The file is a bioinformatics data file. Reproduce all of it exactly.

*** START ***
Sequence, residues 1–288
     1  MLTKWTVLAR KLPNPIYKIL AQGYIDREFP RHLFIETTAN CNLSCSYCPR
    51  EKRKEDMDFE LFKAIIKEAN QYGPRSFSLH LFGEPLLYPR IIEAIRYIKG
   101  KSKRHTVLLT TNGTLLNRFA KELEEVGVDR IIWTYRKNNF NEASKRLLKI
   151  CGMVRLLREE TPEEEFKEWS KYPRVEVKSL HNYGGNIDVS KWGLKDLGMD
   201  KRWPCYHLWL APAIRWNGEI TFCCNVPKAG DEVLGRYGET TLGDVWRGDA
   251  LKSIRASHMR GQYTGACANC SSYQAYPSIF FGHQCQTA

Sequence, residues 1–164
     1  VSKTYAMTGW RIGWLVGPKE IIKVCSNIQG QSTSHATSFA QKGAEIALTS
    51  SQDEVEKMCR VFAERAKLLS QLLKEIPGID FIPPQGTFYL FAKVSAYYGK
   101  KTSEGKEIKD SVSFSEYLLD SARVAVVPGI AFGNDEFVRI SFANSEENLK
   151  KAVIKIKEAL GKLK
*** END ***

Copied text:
Sequence, residues 1–288
     1  MLTKWTVLAR KLPNPIYKIL AQGYIDREFP RHLFIETTAN CNLSCSYCPR
    51  EKRKEDMDFE LFKAIIKEAN QYGPRSFSLH LFGEPLLYPR IIEAIRYIKG
   101  KSKRHTVLLT TNGTLLNRFA KELEEVGVDR IIWTYRKNNF NEASKRLLKI
   151  CGMVRLLREE TPEEEFKEWS KYPRVEVKSL HNYGGNIDVS KWGLKDLGMD
   201  KRWPCYHLWL APAIRWNGEI TFCCNVPKAG DEVLGRYGET TLGDVWRGDA
   251  LKSIRASHMR GQYTGACANC SSYQAYPSIF FGHQCQTA

Sequence, residues 1–164
     1  VSKTYAMTGW RIGWLVGPKE IIKVCSNIQG QSTSHATSFA QKGAEIALTS
    51  SQDEVEKMCR VFAERAKLLS QLLKEIPGID FIPPQGTFYL FAKVSAYYGK
   101  KTSEGKEIKD SVSFSEYLLD SARVAVVPGI AFGNDEFVRI SFANSEENLK
   151  KAVIKIKEAL GKLK